Heartbleed and Mobile

Michael T. Raggo
Michael T. Raggo | April 24, 2014
Mobile Security

Now that most of the media hype around the OpenSSL Heartbleed vulnerability has subsided, I thought it would be good to review the vulnerability and provide additional guidance from a Mobile perspective to review the vulnerability and attack, as well as some proactive countermeasures provided by MobileIron.

Let's review how the attack works. There is currently Proof-of-Concept code in the wild today that allows an attacker to easily perform the attack, in fact it's simply one line of code that performs the exploit. Within TLS there is the support for DTLS (TLS over UDP - User Datagram Protocol) and a Heartbeat Extension. This Heartbeat Extension allows a keep-alive functionality for the connection without the need for renegotiation. When a user performs the attack on a vulnerable OpenSSL server, they send a packet with a larger than expected payload (i.e. custom payload). This then allows scraping of up to 64KB of memory from the web server outside the bounds of what Heartbeat is supposed to access. The following diagram outlines the attack:

How a Heartbleed attack works

As the diagram outlines, depending on the captured memory chunk, this can enumerate sensitive information stored in memory on the web server including passwords, data, and even the web server certificate's private key. If the first attempt is unsuccessful the attacker can simply run the attack a few more times to capture more information from memory. If the private key is captured, this can then be used to decrypt previously captured transmissions or existing transmissions to then reveal user credentials and additional data. It's important to note that this does not represent a fundamental flaw in the SSL/TLS protocol, but a bug in the OpenSSL implementation of the TLS/DTLS Heartbeat Extension itself.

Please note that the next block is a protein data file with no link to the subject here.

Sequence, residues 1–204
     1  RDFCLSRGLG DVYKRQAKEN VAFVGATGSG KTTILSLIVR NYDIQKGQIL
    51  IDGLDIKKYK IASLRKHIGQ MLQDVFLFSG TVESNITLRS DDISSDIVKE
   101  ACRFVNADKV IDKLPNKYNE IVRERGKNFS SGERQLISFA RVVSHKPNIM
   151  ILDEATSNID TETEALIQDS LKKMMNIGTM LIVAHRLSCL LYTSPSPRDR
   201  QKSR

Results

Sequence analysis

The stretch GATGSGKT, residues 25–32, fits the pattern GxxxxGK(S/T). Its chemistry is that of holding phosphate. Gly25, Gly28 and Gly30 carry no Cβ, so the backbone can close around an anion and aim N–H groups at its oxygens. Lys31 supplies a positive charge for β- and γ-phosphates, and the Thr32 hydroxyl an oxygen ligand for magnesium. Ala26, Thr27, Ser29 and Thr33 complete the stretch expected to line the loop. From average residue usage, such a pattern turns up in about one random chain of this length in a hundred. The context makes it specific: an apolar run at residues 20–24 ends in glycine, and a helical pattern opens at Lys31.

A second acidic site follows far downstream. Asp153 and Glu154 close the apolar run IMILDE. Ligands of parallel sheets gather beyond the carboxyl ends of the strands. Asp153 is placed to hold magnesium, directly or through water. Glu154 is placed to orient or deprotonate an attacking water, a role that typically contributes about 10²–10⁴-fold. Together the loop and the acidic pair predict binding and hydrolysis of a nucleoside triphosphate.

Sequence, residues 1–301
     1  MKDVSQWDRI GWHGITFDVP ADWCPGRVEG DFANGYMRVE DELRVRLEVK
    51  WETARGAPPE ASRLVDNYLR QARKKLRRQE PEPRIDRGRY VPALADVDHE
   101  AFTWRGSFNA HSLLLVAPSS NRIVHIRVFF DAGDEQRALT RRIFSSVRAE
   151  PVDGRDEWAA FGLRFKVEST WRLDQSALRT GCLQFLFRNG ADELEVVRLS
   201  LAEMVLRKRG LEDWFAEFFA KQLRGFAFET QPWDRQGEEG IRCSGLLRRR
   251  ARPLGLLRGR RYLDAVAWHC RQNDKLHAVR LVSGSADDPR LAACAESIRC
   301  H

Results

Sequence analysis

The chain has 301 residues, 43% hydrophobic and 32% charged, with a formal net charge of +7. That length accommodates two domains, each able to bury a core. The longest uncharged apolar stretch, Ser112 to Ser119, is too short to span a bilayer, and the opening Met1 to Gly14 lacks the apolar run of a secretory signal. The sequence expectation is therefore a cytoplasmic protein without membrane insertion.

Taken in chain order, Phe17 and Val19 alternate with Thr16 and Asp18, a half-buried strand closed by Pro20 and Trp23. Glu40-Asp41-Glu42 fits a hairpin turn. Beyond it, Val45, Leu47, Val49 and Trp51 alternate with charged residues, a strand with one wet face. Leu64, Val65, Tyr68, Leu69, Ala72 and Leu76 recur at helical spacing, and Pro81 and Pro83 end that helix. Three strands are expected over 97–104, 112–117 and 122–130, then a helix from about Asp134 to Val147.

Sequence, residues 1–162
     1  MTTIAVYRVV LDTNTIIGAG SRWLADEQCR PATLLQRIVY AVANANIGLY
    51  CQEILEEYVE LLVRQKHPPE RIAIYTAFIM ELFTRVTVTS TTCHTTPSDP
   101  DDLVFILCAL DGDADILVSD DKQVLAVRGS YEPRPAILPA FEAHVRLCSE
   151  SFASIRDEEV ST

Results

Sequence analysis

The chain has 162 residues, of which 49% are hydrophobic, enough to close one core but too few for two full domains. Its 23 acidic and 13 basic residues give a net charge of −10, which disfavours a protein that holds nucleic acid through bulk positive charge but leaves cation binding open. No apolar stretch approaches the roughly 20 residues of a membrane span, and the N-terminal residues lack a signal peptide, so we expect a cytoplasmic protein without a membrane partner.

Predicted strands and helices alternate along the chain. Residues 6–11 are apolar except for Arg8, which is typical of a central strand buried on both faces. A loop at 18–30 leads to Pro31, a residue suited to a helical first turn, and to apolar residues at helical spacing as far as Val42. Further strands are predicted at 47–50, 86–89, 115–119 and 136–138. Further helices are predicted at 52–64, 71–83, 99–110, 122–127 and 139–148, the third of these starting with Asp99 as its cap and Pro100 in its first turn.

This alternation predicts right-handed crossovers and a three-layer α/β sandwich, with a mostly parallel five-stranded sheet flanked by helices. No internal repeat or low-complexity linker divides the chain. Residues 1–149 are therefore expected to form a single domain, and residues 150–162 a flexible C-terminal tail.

The outlined remediation for this vulnerability is covered in the CVE and a plethora of other sites, but in summary involves patching OpenSSL on your particular server if found to be vulnerable. Our Knowledge-base article outlines the steps for identifying if your version of OpenSSL is vulnerable, and how to update it, more information can be found here.

It is important to note that foundational components of the MobileIron Infrastructure are not vulnerable to the attack including our VSP (management console), Sentry (Secure Mobile Gateway), ConnectedCloud, Anyware, and the MobileIron client. None of these product components are vulnerable. We also conducted a recent webinar reviewing this for our customers.

The MobileIron Platform

This may not be the last we hear of such vulnerabilities, so there are some additional ways you can further protect yourself from this attack from a proactive standpoint. The MobileIron Sentry (Secure Mobile Gateway) proactively protected our customers from the attack. For those customers that provide secure access to ActiveSync, Sharepoint, Fileshares, Web Servers, Apps, and more, these folks remain protected by their MobileIron Sentry. The MobileIron Sentry simply does not negotiate a Heartbeat request and thus any attempts at targeting servers running OpenSSL Servers behind the MobileIron Sentry remained protected. Many customers leverage the MobileIron AppTunnel (MobileIron-enabled or wrapped Apps) or our recently released MobileIron Tunnel (for native iOS 7 Apps) for secure access to these internal servers. This indirectly blocks other apps on the device, as well as other nefarious attacks like Heartbleed.

Protection form Heartbleed attacks

In summary, Mobile is different, and this is one of the many ways it's better, and more secure. Until next time, "may the force be with you."